Conclusion

Auditory integration therapy may be a reasonable hypothesis for certain language disorders, but there is little plausibility for other symptoms, such as anxiety or developmental disorders. What evidence we do have is either too preliminary and flawed to be of use, or is negative.

The marketing of specific brands of auditory integration therapy goes far beyond the evidence and displays many of the features of a dubious therapy. Chief among these is indication creep – an ever-expanding list of conditions it is alleged to treat, to expand the market for a treatment that has yet to be established even for its more plausible indications.

This therapy is also part of a broader trend of “brain training” therapies, the core notion being that training the brain (i.e. learning and practice) in one area can have wide-ranging cognitive benefits. So far the literature seems to support the opposite conclusion, that the benefits from cognitive tasks do not generalize beyond the specific tasks themselves.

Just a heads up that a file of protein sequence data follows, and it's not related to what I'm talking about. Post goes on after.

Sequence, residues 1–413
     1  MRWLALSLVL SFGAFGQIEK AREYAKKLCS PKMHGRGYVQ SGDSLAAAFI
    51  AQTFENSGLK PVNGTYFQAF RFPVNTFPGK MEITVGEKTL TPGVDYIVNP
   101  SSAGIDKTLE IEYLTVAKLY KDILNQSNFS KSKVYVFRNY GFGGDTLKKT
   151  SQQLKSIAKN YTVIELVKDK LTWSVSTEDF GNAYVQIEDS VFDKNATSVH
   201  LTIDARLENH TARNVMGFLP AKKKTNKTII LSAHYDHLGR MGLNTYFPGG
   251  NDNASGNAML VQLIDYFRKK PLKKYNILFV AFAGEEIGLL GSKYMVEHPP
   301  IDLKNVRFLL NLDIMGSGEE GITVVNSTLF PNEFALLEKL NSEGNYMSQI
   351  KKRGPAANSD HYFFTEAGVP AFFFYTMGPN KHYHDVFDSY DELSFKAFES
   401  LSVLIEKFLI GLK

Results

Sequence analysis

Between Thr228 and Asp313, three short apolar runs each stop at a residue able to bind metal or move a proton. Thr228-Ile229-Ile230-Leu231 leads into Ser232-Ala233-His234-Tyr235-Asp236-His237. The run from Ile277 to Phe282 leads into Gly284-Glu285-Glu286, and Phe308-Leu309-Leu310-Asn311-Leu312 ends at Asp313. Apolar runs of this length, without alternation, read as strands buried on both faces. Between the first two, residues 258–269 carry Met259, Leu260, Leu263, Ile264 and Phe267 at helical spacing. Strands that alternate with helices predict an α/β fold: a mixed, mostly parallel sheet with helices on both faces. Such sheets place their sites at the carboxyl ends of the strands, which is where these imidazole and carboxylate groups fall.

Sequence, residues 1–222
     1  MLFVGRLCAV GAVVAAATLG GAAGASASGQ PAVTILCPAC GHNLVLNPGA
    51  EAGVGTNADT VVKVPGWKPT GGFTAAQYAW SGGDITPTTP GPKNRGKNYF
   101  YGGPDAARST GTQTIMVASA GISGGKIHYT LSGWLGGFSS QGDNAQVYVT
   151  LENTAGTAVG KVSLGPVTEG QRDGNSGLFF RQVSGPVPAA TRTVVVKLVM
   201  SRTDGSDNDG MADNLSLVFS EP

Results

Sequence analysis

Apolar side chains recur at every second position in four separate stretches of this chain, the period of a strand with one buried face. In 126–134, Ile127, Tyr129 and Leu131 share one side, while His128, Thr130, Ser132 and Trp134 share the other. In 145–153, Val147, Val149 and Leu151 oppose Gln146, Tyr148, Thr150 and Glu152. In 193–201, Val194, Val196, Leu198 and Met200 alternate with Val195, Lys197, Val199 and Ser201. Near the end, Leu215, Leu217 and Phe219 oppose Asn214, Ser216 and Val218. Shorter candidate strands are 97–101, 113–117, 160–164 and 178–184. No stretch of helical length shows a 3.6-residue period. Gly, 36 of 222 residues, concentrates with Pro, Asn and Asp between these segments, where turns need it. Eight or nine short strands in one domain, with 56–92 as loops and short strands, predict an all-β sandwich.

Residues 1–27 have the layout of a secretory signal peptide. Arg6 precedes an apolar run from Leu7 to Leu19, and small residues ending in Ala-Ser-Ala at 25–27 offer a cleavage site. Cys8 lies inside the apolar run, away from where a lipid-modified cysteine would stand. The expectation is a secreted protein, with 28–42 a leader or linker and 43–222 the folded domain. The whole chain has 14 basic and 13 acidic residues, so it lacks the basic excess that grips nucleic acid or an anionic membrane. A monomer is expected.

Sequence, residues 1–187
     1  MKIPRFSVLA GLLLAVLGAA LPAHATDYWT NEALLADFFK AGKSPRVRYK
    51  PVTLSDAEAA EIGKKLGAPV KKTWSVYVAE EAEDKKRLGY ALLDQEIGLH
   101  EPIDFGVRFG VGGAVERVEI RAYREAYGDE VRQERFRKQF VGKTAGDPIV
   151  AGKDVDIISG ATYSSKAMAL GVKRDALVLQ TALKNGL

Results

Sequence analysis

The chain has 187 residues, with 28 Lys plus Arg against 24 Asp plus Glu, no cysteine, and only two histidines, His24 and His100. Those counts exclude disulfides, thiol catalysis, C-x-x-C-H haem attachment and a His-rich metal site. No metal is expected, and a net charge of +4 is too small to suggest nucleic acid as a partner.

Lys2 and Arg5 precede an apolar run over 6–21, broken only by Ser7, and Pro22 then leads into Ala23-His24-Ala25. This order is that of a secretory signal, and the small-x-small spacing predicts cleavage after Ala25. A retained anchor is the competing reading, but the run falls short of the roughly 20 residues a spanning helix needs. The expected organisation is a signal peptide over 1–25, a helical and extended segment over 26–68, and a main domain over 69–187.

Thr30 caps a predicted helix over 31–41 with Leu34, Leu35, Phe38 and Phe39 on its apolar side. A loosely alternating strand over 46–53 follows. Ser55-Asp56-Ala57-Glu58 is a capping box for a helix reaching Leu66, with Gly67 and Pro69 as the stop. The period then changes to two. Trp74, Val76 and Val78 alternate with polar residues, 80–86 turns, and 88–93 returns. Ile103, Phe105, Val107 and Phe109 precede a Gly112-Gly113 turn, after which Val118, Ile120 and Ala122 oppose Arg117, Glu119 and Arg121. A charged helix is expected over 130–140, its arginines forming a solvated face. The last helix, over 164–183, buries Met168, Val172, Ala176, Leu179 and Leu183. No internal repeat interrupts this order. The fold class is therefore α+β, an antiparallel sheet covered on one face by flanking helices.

Posted in: Neuroscience/Mental Health

Leave a Comment (8) ↓

8 thoughts on “Auditory Integration Training

  1. Janet Camp says:

    Sound like the old “subliminal learning” or “learn while you sleep” dressed up in a new outfit.

    “So far the literature seems to support the opposite conclusion, that benefits from cognitive tasks do not generalize beyond the specific tasks themselves.”

    I offer my case history of doing NY Times Crosswords and Acrostics for over 25 years. I’m very good at them, but I can’t see where it has helped me with any of the inevitable declines of aging that strike fear of dementia into my heart almost daily. I was always good at puzzles, that’s why I do them!

  2. This therapy is also part of a broader trend of “brain training” therapies, the core notion being that training the brain (i,e, learning and practice) in one area can have wide ranging cognitive benefits.

    Even broader trend is brain training therapy known as College Education. Claiming even wider ranging cognitive benefits without evidence to back it up.

  3. stanmrak says:

    George Carlin got it right about education in America: